The acronyms are flying this month, and I am too. First to the South by Southwest Interactive festival, where I’ll be running a panel in the Screenburn track on microcontent and user creation in online games and how that’s beginning to change the face of gaming. This should be fun, especially as it features Raph Koster, who’ll be able to talk a bit about Areae, the lovely Betsy Book of There.com, Corey Bridges of Multiverse, and Reuben Steiger of metaverse services company Millions of Us, who has been creating cool opportunities for user-generated content as part of corporate marketing schemes in the virtual world of Second Life.
Later in the month I’ll also be on a panel on the future of virtual worlds at the new Virtual Worlds 2007 conference here in New York. This is looking like a great conference, with panels that go beyond the usual fare and actually look closely at what’s happening in virtual worlds and where they might be going. There are four interesting keynote speakers lined up as well, including Matt Bostwick and Jeff Yapp from MTV (both of whom were featured in my Wired article on Virtual Laguna Beach, Steve Youngwood from Nickelodeon, and Colin Parris, VP of Digital Convergence at IBM. What I love about this roster is that it doesn’t include any world-builders. Instead, it features voices from the sectors that are going to drive virtual world development in future: media, entertainment and business. We need more conferences like this. See you there.
Pirate Daniel James’s Three Rings, responsible for the hugely popular multiplayer Puzzle Pirates gamespace, is developing a game-making platform to support Flash and Java games within a larger virtual world, according to a session description from O’Reilly’s Emerging Technology Conference at the end of March. That’s news to me, though I’m not entirely sure it hasn’t been mentioned elsewhere. It sounds like the session features Three Rings co-founder Michael Bayne rolling out the toolkit for attendees to use in making a game during the session: “Three Rings is developing a platform for building multiplayer online games in Flash and Java that operate as part of a larger virtual world where people do things like talk about their cats, decorate their virtual living room, and most importantly, play games. With an aim toward fostering user creativity, we’re opening up all of the tools for creating the world and the games in it. In this workshop we’ll have people collaborating in small groups to think up a game and build it. . . . We’ll provide the toolkit and useful advice.” Continue reading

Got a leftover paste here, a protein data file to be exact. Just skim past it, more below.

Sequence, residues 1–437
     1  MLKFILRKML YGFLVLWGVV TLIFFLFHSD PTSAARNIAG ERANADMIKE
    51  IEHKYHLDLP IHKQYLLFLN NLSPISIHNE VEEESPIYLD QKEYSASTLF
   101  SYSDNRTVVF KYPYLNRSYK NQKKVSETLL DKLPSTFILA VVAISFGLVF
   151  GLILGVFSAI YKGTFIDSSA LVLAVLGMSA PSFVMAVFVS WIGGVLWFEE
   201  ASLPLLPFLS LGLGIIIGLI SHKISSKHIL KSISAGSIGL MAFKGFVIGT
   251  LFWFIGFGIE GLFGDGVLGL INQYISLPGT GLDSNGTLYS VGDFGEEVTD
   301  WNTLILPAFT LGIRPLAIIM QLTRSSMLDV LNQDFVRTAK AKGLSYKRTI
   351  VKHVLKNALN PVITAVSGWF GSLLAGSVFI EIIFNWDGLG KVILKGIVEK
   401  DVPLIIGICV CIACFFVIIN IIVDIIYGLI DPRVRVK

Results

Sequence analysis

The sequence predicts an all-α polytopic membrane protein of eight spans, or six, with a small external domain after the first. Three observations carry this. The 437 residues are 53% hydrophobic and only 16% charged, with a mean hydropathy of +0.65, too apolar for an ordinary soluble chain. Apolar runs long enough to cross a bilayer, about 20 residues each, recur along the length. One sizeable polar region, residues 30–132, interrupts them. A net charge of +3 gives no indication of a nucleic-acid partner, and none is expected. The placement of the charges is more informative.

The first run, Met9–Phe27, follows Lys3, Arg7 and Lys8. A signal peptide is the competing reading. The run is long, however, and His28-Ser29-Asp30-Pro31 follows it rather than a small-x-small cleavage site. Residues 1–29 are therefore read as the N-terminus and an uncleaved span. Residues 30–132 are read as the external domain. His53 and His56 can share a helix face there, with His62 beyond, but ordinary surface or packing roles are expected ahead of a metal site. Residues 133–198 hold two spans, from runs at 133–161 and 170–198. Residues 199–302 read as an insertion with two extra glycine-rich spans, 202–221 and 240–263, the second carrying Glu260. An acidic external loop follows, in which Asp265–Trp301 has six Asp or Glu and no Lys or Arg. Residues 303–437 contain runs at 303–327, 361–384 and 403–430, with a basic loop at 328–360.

No, none of the names in that headline are misspelled. That’s virtual worlds researcher and journalist Aleks Krotoski, who has a nice interview with veteran games designer Raph Koster about the idea behind his new start-up, Areae, Inc. (from which I’ve stolen the image at left), on Friday’s Guardian GamesBlog. Don’t expect to read about just what Areae will be, though. Raph is remaining mum until he appears at GDC in early March. (Speculation is that it will either be a Second Life-like world with a better new-user experience or a tool to allow the creation of one’s own 3D space — both are things Raph has wished for in the past — or something similar or else completely different.) Instead, Raph talks about what virtual worlds can learn from Web 2.0 apps, and vice versa. And see below for another argument for interoperable virtual worlds. Continue reading